Ellen G. White
That I May Know Him, 356.2

It will not be long until the gathering storm will burst upon the world that is so asleep in sin.... When the earth is reeling to and fro like a drunkard, when the heavens are shaking, and the great day of the Lord has come, who shall be able to stand? One object they behold in trembling agony from which they will try in vain to escape. “Behold, he cometh with clouds; and every eye shall see him” (Revelation 1:7). The unsaved utter wild imprecations to dumb nature—their god: “Mountains and rocks, ‘Fall on us, and hide us from the face of him that sitteth on the throne’” (Revelation 6:16). TMK 356.2

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Ellen G. White
SDA Bible Commentary, vol. 4 (EGW), 1176-7

13. Reproof Changed to Encouragement—It was after Haggai's second message that the people felt that the Lord was in earnest with them. They dared not disregard the repeated warning that their prosperity and the blessing of God were dependent upon their entire obedience to the instructions given them. As soon as they decided that they would do the words of the Lord, His messages of reproof changed to words of encouragement. O how merciful a God we have! He says, “I am with you.” The Lord God omnipotent reigneth. He assured the people that if they were obedient, they would place themselves in a position where He could bless them for His own name's glory. If God's people will only rely upon Him, and believe in Him, He will bless them (Manuscript 116, 1897). 4BC 1176.1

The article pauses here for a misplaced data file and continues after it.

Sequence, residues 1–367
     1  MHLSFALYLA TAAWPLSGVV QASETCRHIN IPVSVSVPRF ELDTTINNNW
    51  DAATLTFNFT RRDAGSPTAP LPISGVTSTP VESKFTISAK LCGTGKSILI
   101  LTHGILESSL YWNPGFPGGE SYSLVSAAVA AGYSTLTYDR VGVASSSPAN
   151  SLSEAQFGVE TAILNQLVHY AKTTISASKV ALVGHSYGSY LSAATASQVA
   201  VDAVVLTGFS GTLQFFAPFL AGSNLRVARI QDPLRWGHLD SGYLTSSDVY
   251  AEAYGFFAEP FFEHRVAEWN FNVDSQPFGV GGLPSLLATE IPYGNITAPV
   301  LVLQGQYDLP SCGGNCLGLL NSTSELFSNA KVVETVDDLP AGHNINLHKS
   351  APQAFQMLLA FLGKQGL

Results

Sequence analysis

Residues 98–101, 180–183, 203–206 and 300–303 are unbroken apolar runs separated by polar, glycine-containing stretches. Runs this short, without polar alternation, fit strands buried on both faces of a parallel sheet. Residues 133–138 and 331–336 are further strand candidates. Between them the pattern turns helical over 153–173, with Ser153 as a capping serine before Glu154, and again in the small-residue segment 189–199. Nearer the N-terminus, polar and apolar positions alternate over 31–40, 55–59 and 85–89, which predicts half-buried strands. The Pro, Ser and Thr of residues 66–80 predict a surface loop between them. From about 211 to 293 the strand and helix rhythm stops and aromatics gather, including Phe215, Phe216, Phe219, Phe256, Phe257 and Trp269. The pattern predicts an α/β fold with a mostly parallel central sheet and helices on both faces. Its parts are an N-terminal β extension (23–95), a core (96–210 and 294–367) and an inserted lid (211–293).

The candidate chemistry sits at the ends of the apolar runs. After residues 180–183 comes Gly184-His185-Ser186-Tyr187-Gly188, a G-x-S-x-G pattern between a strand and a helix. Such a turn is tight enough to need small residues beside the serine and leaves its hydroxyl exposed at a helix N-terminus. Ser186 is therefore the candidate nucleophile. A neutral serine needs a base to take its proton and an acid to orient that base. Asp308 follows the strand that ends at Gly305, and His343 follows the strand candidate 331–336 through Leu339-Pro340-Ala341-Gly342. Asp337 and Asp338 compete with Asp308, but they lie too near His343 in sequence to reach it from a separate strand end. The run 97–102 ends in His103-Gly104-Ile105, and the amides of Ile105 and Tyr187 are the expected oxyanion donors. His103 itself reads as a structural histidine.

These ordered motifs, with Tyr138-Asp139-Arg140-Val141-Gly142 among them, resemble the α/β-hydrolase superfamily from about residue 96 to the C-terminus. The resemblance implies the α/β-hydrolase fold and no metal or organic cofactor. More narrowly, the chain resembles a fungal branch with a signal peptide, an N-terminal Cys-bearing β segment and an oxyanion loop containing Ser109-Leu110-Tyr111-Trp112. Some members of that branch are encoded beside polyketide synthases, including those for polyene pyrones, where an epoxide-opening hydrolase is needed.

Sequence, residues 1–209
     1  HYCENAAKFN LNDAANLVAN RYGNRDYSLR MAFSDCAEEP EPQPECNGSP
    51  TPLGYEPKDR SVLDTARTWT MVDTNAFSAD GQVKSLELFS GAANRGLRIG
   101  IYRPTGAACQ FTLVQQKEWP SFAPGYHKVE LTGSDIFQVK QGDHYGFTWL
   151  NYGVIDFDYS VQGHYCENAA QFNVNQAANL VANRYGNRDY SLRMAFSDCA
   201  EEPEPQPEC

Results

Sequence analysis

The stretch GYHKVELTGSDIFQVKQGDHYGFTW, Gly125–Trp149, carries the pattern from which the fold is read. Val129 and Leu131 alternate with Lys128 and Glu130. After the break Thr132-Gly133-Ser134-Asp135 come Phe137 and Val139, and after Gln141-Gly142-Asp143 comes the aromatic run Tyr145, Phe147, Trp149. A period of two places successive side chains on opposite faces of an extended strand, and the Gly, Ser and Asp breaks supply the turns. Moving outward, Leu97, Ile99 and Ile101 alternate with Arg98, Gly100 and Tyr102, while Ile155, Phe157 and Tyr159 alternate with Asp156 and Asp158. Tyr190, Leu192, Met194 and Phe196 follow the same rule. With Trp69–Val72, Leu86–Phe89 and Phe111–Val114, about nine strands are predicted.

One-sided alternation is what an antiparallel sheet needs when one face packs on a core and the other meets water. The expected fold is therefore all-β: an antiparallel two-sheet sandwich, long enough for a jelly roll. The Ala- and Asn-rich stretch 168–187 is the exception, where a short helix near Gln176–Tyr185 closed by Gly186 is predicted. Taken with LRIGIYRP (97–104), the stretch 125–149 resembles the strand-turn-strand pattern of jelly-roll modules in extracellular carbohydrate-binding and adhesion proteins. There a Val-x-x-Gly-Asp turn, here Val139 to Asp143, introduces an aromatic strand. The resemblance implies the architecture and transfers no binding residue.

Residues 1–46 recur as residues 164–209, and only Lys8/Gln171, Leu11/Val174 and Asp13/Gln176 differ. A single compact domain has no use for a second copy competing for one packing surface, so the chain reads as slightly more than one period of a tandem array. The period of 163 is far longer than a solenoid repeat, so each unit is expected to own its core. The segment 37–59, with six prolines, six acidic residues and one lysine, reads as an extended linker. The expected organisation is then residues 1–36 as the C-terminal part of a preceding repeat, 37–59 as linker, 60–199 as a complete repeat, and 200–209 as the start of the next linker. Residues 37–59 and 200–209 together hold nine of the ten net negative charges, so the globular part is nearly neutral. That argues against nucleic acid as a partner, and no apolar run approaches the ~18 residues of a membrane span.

1-9, 11, 12. Parables Showing What God Endorses—In speaking of the building of a house for God, the prophet Haggai shows in parables what God endorses and what He condemns. 4BC 1176.2